LOS ANGELES, June 1 /PRNewswire/ -- The Elizabeth Glaser
Pediatric AIDS Foundation and Ty, Inc. today announced the
newest Beanie Baby created in memory of Elizabeth and Paul
Glaser's daughter, Ariel who died in 1988 from complications
from AIDS. All profits of Ty, Inc. from its sale will be
donated to the Foundation. Today, the new Ariel(TM) Beanie
Baby, which will be available in retail stores this month, will
be given away to all children currently admitted in the Mattel
Children's Hospital at UCLA.
"Our heartfelt appreciation goes to Ty Warner and all our
friends at Ty, Inc.," said Paul Glaser, chairman of the board,
the Elizabeth Glaser Pediatric AIDS Foundation. "The Ariel
Beanie Baby will help us raise awareness about the impact of
HIV and AIDS on babies, mothers and families around the world,
while raising critical funds for pediatric research. Every
day, 1,800 children are infected around the world. Clearly,
our work is far from over. Ty's extraordinary gift will help
us continue our quest to discover a vaccine and cure."
A painting created by Ariel, who spent much time painting and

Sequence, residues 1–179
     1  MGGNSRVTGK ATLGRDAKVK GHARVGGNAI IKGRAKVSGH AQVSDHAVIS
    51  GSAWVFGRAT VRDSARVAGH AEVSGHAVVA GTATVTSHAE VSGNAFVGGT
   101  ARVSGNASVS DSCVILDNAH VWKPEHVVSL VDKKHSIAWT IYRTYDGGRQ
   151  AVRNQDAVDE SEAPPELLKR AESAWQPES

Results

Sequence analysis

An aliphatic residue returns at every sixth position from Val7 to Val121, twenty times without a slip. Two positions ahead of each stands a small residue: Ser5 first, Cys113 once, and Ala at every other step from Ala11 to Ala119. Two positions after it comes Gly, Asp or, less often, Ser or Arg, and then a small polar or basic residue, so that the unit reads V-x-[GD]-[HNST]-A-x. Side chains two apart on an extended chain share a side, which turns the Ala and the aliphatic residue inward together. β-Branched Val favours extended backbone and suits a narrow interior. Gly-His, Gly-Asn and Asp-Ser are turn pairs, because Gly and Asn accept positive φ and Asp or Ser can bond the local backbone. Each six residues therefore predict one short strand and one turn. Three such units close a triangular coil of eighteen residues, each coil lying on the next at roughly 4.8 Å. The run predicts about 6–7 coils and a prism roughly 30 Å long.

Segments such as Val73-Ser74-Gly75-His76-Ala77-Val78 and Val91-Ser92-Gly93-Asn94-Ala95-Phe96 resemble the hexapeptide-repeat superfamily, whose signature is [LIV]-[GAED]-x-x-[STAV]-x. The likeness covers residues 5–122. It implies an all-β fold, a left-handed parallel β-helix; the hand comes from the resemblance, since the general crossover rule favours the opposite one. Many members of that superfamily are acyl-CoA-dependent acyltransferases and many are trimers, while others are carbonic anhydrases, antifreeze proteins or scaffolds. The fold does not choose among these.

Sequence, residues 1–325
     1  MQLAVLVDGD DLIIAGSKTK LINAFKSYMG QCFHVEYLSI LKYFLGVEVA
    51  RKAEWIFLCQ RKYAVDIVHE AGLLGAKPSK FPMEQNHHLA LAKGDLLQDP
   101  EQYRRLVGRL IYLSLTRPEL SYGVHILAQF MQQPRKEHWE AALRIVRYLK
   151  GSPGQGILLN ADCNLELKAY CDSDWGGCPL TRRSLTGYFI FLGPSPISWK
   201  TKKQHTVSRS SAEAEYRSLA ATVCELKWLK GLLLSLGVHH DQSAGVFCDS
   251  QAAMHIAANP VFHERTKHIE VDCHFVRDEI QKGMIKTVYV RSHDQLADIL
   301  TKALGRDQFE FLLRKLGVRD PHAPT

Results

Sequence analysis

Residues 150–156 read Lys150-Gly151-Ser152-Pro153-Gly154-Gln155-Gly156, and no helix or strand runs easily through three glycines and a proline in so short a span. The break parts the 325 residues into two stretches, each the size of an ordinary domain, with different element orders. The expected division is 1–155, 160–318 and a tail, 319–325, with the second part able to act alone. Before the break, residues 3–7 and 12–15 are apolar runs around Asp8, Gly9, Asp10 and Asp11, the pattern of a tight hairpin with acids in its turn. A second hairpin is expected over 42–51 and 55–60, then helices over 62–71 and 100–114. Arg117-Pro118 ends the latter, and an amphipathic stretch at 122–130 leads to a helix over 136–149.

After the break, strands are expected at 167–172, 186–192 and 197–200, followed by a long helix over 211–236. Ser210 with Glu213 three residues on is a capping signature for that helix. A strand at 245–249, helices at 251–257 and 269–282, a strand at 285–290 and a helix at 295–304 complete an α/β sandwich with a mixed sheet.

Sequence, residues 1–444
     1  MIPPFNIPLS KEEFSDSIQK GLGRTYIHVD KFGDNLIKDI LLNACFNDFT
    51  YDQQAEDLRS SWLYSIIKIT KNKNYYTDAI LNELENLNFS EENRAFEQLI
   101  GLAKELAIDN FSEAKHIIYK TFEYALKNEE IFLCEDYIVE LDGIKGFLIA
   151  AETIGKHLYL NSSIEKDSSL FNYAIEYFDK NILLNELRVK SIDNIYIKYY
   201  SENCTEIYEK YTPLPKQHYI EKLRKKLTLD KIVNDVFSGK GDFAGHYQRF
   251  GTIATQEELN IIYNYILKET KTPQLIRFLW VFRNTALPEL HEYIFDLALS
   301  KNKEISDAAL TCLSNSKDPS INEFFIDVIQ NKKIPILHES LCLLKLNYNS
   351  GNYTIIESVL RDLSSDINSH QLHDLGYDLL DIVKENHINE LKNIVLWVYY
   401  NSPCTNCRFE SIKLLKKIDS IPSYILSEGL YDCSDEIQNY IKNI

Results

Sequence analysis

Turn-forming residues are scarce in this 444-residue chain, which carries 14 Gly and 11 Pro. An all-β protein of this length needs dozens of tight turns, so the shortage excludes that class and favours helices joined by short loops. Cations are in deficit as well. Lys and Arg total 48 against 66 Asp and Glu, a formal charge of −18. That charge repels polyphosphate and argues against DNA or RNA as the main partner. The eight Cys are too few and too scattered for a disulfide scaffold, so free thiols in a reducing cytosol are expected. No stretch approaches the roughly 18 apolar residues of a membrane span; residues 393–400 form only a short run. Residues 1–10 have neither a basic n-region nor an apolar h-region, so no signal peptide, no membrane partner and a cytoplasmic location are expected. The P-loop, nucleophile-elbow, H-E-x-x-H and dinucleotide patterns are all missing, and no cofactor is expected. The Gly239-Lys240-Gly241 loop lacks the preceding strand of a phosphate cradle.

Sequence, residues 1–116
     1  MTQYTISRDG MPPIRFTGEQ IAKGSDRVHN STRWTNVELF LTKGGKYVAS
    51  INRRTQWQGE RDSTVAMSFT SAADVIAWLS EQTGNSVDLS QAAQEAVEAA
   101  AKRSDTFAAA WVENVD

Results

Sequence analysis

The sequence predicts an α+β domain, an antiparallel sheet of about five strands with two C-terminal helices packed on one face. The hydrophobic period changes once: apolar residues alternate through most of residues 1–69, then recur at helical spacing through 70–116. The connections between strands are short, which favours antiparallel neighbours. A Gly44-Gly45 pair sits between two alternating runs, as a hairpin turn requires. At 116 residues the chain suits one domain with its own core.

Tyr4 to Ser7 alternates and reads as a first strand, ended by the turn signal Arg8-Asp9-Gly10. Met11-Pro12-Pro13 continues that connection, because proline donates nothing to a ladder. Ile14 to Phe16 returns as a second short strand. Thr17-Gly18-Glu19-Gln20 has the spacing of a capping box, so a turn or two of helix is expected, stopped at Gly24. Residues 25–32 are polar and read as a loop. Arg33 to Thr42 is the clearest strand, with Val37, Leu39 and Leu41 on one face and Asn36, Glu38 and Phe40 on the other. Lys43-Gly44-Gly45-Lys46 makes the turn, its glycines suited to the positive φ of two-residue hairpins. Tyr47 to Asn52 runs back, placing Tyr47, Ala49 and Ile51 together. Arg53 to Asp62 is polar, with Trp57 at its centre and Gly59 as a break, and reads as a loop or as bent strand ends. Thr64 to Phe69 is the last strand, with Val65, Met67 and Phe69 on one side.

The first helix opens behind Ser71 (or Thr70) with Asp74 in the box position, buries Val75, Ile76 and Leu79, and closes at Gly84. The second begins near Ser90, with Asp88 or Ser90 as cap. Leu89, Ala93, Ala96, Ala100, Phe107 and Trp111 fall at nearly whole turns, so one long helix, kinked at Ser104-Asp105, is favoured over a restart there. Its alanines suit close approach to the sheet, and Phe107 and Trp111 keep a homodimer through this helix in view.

drawing with her father, inspired the Ariel Beanie Baby. At
age five, Ariel painted how she envisioned the world -- as a
garden of beauty -- filled with sunshine and surrounded by
love. Today, her inspiration serves as the foundation's logo
representing hope for children everywhere.
"All of us at UCLA are deeply moved by today's extraordinary
partnership that will help continue the critical work of the
Elizabeth Glaser Pediatric AIDS Foundation," said Dr. Ed
McCabe, physician in chief of the Mattel Children's Hospital at
UCLA. "We salute the compassion and vision of Ty Warner that
will provide us invaluable resources to help us improve the
health of children here and around the world."
The Elizabeth Glaser Pediatric AIDS Foundation established its
reputation as the leading worldwide non-profit organization
dedicated to funding and conducting scientific research for
children with HIV/AIDS. When the Pediatric AIDS Foundation was
created in 1988, there was no coordinated research of the
disease's effect on children and none of the drugs used for
treating adults with AIDS were tested or approved for children.
Since then, the foundation has raised more than $100 million to
Today, the Elizabeth Glaser Pediatric AIDS Foundation continues
to build on its unique model of innovative and collaborative
scientific research to advance medical treatments for children.
The Foundation works to eliminate mother to child transmission,
to accelerate the discovery of new treatments for other serious
and life threatening diseases, and to ensure that children are
at the forefront of every scientific breakthrough.
SOURCE Elizabeth Glaser Pediatric AIDS Foundation
CONTACT: Carrie Hyun of the Elizabeth Glaser Pediatric AIDS
Foundation, 310-314-1459 or 202-427-7888; or Roxanne Moster,
Mattel Children's Hospital at UCLA, 310-794-2264/